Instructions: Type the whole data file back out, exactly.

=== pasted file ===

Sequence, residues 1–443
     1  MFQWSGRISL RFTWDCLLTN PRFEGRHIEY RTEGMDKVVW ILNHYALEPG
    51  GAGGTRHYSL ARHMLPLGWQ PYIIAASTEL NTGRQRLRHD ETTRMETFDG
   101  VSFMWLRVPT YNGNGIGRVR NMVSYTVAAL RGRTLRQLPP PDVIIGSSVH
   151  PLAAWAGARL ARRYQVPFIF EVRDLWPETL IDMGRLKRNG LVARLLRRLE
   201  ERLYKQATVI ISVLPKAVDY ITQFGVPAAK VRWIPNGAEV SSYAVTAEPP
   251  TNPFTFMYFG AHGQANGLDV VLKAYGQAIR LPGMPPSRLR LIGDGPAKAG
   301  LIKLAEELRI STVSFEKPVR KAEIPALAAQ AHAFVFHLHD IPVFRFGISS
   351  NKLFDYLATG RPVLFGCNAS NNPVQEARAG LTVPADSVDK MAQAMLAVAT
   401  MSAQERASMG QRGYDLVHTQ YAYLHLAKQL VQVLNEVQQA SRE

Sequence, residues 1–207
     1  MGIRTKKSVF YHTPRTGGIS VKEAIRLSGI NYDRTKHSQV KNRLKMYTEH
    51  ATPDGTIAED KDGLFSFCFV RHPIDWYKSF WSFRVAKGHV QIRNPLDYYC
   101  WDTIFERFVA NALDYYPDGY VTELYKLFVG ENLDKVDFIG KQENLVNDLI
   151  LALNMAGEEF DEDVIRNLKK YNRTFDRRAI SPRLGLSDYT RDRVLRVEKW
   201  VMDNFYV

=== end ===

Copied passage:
Sequence, residues 1–443
     1  MFQWSGRISL RFTWDCLLTN PRFEGRHIEY RTEGMDKVVW ILNHYALEPG
    51  GAGGTRHYSL ARHMLPLGWQ PYIIAASTEL NTGRQRLRHD ETTRMETFDG
   101  VSFMWLRVPT YNGNGIGRVR NMVSYTVAAL RGRTLRQLPP PDVIIGSSVH
   151  PLAAWAGARL ARRYQVPFIF EVRDLWPETL IDMGRLKRNG LVARLLRRLE
   201  ERLYKQATVI ISVLPKAVDY ITQFGVPAAK VRWIPNGAEV SSYAVTAEPP
   251  TNPFTFMYFG AHGQANGLDV VLKAYGQAIR LPGMPPSRLR LIGDGPAKAG
   301  LIKLAEELRI STVSFEKPVR KAEIPALAAQ AHAFVFHLHD IPVFRFGISS
   351  NKLFDYLATG RPVLFGCNAS NNPVQEARAG LTVPADSVDK MAQAMLAVAT
   401  MSAQERASMG QRGYDLVHTQ YAYLHLAKQL VQVLNEVQQA SRE

Sequence, residues 1–207
     1  MGIRTKKSVF YHTPRTGGIS VKEAIRLSGI NYDRTKHSQV KNRLKMYTEH
    51  ATPDGTIAED KDGLFSFCFV RHPIDWYKSF WSFRVAKGHV QIRNPLDYYC
   101  WDTIFERFVA NALDYYPDGY VTELYKLFVG ENLDKVDFIG KQENLVNDLI
   151  LALNMAGEEF DEDVIRNLKK YNRTFDRRAI SPRLGLSDYT RDRVLRVEKW
   201  VMDNFYV